Archive | Motherboards

USB 3.0 Ports on Intel Sandy Bridge Motherboards and Operating System Installation

On the Intel Sandy Bridge motherboards including the Intel DH61BE motherboard I have noticed that keyboards and mice do not function when they are plugged into USB 3.0 ports when installing an operating system. The USB 3.0 ports are the blue USB ports. I also noticed while installing an operating system with these intel motherboards while the hard drive is plugged into a blue SATA port that the OS installation CD will not recognize that you have a hard drive present. If you have a USB keyboard and or USB mouse plugged into the USB 3.0 port which is the BLUE USB ports during the installation of an operating system, the keyboard and mouse will not function thus preventing you from installing an operating system. This is due to the fact that USB 3.0 functionality is being provided by a separate computer chip on the motherboard versus the legacy USB chip that is built in – integrated into the motherboard for the old school USB 2.0.

This means when installing an OS to ignore the blue USB and SATA ports on these intel motherboard and plug your hard drive and USB keyboard and mouse into the black ports. After you get the OS installed you can switch to using the USB 3.0 ports if you really want to but this isn’t necessary. Once the operating system is completely installed then the USB 3.0 ports will function.

Posted in Computer Repair, Computers, How To's, Motherboards0 Comments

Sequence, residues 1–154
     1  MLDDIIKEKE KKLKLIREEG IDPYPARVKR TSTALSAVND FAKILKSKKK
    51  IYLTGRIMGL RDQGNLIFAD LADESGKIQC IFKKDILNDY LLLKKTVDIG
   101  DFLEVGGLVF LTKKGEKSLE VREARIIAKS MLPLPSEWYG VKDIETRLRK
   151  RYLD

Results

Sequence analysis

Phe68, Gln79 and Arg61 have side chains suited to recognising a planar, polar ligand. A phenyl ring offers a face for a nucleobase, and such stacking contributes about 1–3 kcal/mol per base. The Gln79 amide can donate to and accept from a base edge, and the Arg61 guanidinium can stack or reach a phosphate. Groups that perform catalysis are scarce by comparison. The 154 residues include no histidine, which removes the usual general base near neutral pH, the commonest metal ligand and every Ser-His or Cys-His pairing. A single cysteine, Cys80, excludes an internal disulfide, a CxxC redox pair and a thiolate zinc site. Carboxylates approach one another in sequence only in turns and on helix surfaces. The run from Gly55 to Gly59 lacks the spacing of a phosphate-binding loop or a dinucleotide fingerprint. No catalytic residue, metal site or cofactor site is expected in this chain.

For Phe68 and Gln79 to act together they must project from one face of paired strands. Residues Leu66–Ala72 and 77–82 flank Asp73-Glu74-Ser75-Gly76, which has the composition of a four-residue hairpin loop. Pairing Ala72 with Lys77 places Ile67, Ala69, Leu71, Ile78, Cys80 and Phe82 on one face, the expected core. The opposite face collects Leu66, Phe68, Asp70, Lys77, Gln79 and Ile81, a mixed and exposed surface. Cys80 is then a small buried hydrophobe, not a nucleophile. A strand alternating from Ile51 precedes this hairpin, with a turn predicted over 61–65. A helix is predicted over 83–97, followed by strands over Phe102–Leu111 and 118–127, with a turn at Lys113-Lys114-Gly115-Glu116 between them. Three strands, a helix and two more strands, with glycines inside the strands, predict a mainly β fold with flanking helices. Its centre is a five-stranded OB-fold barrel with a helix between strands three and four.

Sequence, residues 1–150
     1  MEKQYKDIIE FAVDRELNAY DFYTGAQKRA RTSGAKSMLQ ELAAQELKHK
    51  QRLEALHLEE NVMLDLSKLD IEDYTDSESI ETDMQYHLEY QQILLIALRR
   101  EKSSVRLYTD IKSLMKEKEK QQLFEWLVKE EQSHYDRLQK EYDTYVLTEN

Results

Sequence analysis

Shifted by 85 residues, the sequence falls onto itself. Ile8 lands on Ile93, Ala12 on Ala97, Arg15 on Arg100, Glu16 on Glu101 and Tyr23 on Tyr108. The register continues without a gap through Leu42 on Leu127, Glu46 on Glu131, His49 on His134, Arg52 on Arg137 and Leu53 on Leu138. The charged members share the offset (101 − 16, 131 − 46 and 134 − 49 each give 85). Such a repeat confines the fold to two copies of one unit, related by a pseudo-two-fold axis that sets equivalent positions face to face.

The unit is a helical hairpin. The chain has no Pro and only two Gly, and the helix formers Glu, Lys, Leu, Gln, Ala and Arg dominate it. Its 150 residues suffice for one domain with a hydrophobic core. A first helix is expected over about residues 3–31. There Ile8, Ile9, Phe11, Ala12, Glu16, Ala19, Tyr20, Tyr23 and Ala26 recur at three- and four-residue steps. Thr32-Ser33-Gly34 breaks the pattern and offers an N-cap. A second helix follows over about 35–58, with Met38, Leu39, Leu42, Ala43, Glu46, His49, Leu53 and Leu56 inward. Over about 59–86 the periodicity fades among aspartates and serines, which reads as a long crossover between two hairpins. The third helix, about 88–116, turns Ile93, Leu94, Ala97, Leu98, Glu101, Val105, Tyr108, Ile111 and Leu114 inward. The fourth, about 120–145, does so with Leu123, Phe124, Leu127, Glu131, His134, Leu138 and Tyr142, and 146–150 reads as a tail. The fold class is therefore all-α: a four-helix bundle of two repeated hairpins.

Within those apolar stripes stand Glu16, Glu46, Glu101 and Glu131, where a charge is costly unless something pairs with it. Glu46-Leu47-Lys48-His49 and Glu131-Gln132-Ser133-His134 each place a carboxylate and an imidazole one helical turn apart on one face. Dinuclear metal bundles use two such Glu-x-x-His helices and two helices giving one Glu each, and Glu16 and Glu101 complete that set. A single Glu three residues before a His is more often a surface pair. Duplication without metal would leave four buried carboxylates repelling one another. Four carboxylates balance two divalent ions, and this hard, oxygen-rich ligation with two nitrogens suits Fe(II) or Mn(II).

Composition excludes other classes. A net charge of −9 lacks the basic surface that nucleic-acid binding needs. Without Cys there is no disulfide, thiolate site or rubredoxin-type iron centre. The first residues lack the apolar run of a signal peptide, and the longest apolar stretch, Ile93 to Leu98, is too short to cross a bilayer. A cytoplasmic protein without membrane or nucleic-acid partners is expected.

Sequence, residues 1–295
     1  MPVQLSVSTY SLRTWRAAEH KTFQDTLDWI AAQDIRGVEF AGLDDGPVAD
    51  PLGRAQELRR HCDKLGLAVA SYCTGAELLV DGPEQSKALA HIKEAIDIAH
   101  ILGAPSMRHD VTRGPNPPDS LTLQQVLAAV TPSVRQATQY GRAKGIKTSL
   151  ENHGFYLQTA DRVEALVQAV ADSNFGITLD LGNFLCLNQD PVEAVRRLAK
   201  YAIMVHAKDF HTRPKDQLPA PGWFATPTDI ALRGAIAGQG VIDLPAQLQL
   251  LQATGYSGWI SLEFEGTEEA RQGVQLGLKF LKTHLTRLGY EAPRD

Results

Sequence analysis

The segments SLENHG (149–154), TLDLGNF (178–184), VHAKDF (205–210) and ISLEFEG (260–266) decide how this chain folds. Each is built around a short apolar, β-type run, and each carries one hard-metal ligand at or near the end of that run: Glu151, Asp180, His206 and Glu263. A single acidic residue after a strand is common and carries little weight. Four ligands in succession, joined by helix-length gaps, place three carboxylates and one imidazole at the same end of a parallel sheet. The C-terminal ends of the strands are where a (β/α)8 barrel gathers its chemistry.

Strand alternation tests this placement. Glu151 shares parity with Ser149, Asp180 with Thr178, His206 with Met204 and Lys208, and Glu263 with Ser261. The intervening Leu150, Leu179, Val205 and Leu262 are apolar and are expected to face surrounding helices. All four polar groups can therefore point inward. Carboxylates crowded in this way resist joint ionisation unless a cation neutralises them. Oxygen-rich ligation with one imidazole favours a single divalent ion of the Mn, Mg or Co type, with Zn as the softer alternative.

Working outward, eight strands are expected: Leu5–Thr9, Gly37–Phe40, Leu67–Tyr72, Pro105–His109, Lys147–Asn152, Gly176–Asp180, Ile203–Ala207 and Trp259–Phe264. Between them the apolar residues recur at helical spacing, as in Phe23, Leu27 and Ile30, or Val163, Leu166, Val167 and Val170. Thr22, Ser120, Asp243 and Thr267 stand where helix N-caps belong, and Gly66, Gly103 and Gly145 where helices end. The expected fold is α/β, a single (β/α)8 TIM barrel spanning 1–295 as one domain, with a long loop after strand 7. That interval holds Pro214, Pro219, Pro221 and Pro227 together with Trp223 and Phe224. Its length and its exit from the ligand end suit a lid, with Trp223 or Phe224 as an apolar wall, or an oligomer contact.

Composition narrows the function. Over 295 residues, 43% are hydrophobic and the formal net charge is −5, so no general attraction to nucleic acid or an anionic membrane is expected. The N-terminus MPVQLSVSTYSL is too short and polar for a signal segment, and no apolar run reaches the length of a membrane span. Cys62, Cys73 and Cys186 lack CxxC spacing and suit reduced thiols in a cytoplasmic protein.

Unplanned server and network downtime can be caused by a number of different events:

• Catastrophic server failures caused by memory, processor or motherboard

• Server component failures including power supplies, fans, internal disks,
disk controllers, host bus adapters and network adapters

• Software failures of the operating system, middleware or application

• Site problems such as power failures, network disruptions, fire, flooding or
natural disasters

To protect critical applications from downtime, you need to take steps to protect
against each potential source of downtime.

Eliminating potential single points of failure is a time-tested technical strategy for reducing the
risk of downtime and data loss. Typically, network administrators do this by introducing redundancy in
the application delivery infrastructure, and automating the process of monitoring and
correcting faults to ensure rapid response to problems as they arise. Most leading
companies adopting best practices for protecting critical applications and data also
look at the potential for the failure of an entire site, establishing redundant systems at
an alternative site to protect against site-wide disasters.

Posted in Computer Repair, Computers, Data Backups, Data Recovery, Data Storage, Hard Drives, High Availability, Memory, Motherboards, Networking, Servers0 Comments